How well can the workplaces of today be reimagined? Office developers in the UAE and Gulf are rising up to the challenge of doing that. Image Credit: Supplied

Workplace Design Director and Principal, Gensler Middle East.

Workplaces have always been a dynamic area within architecture - because the office is designed around humans. The pandemic impacted how everyone conducted business, and that shift continues to influence how we think of workplaces today.

In addition, evolving business requirements, generational expectations, and emerging trends, are all shaping the future of workplaces. The need to create attractive destinations that boast inclusive and welcoming spaces which empower people to focus, connect and collaborate has never been more important.

Transformation and adaptive reuse

The drive towards a sustainable future is expected to heighten demand for sustainable, high-performance office retrofits. Decarbonisation targets, more stringent ESG goals, and new government policies will add to the demand for adapted/retrofitted buildings.

Adaptive reuse requires modification into higher-performance assets, with a lower carbon cost to comply with emerging policy requirements based on lifecycle carbon analysis.

Local building codes and usage regulations are being updated as authorities discover opportunities to add more housing, and address stranded office building assets, while supporting the demand for a more varied mix of uses in central business districts (CBD).

These changes are expected to open the door for the conversion of many types of spaces. In the GCC, we are seeing the highest volume of adaptive reuse from the hospitality industry into commercial units.

Cities have identified that focused CBDs no longer serve them, and as such are creating public-private partnerships or offering attractive government incentives that can help ease approval processes, and the tight margins on attainable housing projects.

Office developers

A report published by CBRE recently revealed that in Q3-2023, average Prime, Grade A, and Grade B rents in Abu Dhabi increased by 7 per cent, 8.6 per cent, and 13 per cent, respectively. Rental growth in the Prime and Grade A segments is expected to remain healthy, the report added.

Developers are aware of tenant appetites and are adding unique features and personality to their buildings through a mix of new uses and positioning within the city/neighbourhood.

Office developers are also investing in converting Class B and C buildings to new uses, which is contributing to the trend of built-in adaptability for new buildings. In this scenario, the choice of building systems becomes more important, as developers recognise an office building may need to serve different requirements in the future.

More sustainable business practices are in demand, meaning companies with ambitious Net Zero and ESG goals will exclusively choose office buildings that are built for minimal environmental impact.

Headquarters of the future

Key Middle Eastern markets, such as the UAE and Saudi Arabia, have successfully positioned themselves as ideal locations for global firms to set-up regional headquarters. This has given rise to the design and ongoing delivery of some spectacular new workplaces and buildings.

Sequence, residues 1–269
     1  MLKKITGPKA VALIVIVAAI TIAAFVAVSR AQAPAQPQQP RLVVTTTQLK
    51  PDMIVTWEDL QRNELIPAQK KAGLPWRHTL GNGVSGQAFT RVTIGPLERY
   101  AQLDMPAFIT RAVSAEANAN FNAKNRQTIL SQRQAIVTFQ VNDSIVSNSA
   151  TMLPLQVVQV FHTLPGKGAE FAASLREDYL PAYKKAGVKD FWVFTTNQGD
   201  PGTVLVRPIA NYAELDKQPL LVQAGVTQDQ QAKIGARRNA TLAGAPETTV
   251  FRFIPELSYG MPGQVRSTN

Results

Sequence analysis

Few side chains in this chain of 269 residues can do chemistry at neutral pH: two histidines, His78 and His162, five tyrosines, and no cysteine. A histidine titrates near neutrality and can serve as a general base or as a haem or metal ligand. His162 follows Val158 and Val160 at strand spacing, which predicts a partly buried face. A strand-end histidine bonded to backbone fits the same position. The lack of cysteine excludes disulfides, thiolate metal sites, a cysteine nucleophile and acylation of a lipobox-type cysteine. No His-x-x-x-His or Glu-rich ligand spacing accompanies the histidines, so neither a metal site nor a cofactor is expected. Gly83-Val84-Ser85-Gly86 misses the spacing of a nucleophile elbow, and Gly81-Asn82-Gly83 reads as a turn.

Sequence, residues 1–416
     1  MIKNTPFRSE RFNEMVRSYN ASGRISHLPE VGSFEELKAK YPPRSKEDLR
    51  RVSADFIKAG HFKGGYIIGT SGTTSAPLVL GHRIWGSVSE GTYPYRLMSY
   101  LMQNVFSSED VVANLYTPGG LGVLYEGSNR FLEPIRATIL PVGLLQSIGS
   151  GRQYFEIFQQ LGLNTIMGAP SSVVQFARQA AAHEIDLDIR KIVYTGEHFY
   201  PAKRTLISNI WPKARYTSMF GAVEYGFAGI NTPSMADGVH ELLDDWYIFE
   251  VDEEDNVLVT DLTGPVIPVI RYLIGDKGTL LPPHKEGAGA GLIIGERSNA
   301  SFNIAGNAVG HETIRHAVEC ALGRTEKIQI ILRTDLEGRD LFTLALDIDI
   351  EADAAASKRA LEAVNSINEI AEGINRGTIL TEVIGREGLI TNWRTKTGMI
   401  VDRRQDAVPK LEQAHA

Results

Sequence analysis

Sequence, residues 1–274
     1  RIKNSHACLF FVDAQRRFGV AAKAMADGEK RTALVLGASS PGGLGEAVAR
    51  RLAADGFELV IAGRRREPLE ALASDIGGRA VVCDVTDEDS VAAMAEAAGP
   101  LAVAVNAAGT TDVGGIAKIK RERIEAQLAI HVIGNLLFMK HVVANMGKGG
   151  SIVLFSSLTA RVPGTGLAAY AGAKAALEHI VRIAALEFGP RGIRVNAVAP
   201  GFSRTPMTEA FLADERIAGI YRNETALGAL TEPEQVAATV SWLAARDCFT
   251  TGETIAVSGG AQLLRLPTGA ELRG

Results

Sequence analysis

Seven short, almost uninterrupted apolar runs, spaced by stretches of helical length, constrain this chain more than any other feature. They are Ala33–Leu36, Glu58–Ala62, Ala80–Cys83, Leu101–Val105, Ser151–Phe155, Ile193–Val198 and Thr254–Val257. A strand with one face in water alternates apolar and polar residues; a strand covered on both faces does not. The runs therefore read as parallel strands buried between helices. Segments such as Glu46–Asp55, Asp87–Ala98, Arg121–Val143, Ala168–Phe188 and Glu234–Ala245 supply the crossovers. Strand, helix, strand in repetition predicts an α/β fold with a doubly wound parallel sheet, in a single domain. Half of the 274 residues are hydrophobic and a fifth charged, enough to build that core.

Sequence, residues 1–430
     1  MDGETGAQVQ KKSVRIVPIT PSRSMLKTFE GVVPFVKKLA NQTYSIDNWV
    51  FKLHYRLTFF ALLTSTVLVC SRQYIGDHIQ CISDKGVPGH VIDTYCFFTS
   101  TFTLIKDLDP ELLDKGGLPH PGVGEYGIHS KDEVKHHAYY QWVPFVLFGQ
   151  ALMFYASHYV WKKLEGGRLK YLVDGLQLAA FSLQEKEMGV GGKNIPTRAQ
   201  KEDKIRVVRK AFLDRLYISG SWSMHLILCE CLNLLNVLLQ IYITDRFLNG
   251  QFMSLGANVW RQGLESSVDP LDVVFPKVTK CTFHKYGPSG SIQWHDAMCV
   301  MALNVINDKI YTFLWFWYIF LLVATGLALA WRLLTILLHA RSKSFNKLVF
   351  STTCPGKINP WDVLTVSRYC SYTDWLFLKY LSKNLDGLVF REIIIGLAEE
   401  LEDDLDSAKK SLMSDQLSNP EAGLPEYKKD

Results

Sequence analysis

Post-COP28, it’s vital that capital-intensive undertakings such as the development of regional headquarters include significant sustainability measures, and incorporate long-term resilience planning. Workplaces must prioritise high-performance bespoke spaces that allow a business to respond to changing market dynamics with greater efficiency, impact, and innovation.

Monolithic, office-focused downtowns have become a thing of the past, replaced by vibrant districts that are focused on a mixed-use collection of retail, entertainment, sports, housing, and other lifestyle-anchored developments.

New workplace realities

Companies that invest in change management to enable the transition to new workspace designs, hybrid work arrangements, and evolving jobs will secure an advantage in the long term. Amenity spaces will need to be multifunctional and, simultaneously, learning and development programs will need to incorporate hybrid work arrangements.

New workplaces must also include unique styling and hospitality elements to create the comforts of home, while the integration of state-of-the-art A/V and technology needs to offer what a home office usually does not.

The need for unified physical and digital experiences across workplace environments will also fuel the need for new guidelines, and this will see greater emphasis placed on design strategy and branding. For large firms, the differentiator will be developing strategies tailored to local markets, while remaining aligned with the overall brand.

The focus will be less on how many people come into the office and more on what the future of work looks like to support their people’s needs. In 2024, businesses will continue to plan for in-person experiences in spaces that are agile enough to evolve with the changing demands of the workforce.

And useful enough to earn people’s commutes…